The Problem of Slavery in the Age of Revolution by Duncan Money Book Summary:

How was it possible for opponents of slavery to be so vocal in opposing the practice, when they were so accepting of the economic exploitation of workers in western factories - many of which were owned by prominent abolitionists? David Brion Davis's The Problem of Slavery in the Age of Revolution, 1770-1823, uses the critical thinking skill of analysis to break down the various arguments that were used to condemn one set of controversial practices, and examine those that were used to defend another. His study allows us to see clear differences in reasoning and to test the assumptions made by each argument in turn. The result is an eye-opening explanation that makes it clear exactly how contemporaries resolved this apparent dichotomy - one that allows us to judge whether the opponents of slavery were clear-eyed idealists, or simply deployers of arguments that pandered to their own base economic interests.

The Challenge of American History

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The Challenge of American History by Louis P. Masur Book Summary:

In The Challenge of American History, Louis Masur brings together a sampling of recent scholarship to determine the key issues preoccupying historians of American history and to contemplate the discipline's direction for the future. The fifteen summary essays included in this volume allow professional historians, history teachers, and students to grasp in a convenient and accessible form what historians have been writing about.

Journal of the Civil War Era

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Journal of the Civil War Era by William A. Blair Book Summary:

The Journal of the Civil War Era Volume 2, Number 4 December 2012 TABLE OF CONTENTS Articles Mark Fleszar "My Laborers in Haiti are not Slaves": Proslavery Fictions and a Black Colonization Experiment on the Northern Coast, 1835-1846 Jarret Ruminski "Tradyville": The Contraband Trade and the Problem of Loyalty in Civil War Mississippi K. Stephen Prince Legitimacy and Interventionism: Northern Republicans, the "Terrible Carpetbagger," and the Retreat from Reconstruction Review Essay Roseanne Currarino Toward a History of Cultural Economy Professional Notes T. Lloyd Benson Geohistory: Democratizing the Landscape of Battle Book Reviews Books Received Notes on Contributors The Journal of the Civil War Era takes advantage of the flowering of research on the many issues raised by the sectional crisis, war, Reconstruction, and memory of the conflict, while bringing fresh understanding to the struggles that defined the period, and by extension, the course of American history in the nineteenth century.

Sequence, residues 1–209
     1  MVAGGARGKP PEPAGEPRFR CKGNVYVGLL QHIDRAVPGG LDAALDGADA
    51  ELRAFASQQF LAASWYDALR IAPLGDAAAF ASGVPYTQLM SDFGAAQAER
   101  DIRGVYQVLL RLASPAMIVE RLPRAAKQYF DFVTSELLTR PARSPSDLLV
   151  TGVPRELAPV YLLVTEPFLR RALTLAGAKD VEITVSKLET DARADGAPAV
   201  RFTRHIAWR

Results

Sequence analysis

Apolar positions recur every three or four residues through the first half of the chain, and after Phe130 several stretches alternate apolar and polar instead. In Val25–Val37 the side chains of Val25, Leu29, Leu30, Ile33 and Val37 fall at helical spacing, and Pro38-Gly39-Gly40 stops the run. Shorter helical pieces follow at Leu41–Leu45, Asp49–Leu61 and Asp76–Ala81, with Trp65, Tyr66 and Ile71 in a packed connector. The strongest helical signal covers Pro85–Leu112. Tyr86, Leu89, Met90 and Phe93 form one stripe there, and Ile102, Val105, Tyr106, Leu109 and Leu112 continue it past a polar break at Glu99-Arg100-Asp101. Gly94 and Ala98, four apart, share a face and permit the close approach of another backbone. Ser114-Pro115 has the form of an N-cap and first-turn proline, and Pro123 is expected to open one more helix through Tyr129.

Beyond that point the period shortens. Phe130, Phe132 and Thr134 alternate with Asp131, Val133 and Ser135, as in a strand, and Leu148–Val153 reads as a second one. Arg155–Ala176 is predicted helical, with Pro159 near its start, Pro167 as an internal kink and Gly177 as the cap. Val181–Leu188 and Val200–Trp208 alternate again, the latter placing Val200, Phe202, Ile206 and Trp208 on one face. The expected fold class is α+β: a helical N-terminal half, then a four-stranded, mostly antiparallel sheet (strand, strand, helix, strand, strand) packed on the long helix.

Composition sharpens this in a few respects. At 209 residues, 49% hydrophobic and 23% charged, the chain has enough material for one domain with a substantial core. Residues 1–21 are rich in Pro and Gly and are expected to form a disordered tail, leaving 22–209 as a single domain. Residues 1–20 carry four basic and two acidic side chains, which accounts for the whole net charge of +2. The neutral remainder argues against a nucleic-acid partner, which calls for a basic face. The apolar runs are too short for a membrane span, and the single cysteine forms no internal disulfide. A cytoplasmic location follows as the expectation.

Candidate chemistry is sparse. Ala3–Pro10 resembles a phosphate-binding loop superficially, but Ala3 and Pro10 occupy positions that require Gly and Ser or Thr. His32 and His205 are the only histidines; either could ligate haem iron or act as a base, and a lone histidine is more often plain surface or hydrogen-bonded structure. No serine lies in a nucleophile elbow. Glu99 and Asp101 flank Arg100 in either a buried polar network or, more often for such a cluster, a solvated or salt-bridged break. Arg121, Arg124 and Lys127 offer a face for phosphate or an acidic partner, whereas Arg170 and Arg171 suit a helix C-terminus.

The Oxford Handbook of the American Revolution

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The Oxford Handbook of the American Revolution by Edward G. Gray,Jane Kamensky Book Summary:

The Oxford Handbook of the American Revolution draws on a wealth of new scholarship to create a vibrant dialogue among varied approaches to the revolution that made the United States. In thirty-three essays written by authorities on the period, the Handbook brings to life the diverse multitudes of colonial North America and their extraordinary struggles before, during, and after the eight-year-long civil war that secured the independence of thirteen rebel colonies from their erstwhile colonial parent. The chapters explore battles and diplomacy, economics and finance, law and culture, politics and society, gender, race, and religion. Its diverse cast of characters includes ordinary farmers and artisans, free and enslaved African Americans, Indians, and British and American statesmen and military leaders. In addition to expanding the Revolution's who, the Handbook broadens its where, portraying an event that far transcended the boundaries of what was to become the United States. It offers readers an American Revolution whose impact ranged far beyond the thirteen colonies. The Handbook's range of interpretive and methodological approaches captures the full scope of current revolutionary-era scholarship. Its authors, British and American scholars spanning several generations, include social, cultural, military, and imperial historians, as well as those who study politics, diplomacy, literature, gender, and sexuality. Together and separately, these essays demonstrate that the American Revolution remains a vibrant and inviting a subject of inquiry. Nothing comparable has been published in decades.

The Political Languages of Emancipation in the British Caribbean and the U.S. South

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The Political Languages of Emancipation in the British Caribbean and the U.S. South by Demetrius L. Eudell Book Summary: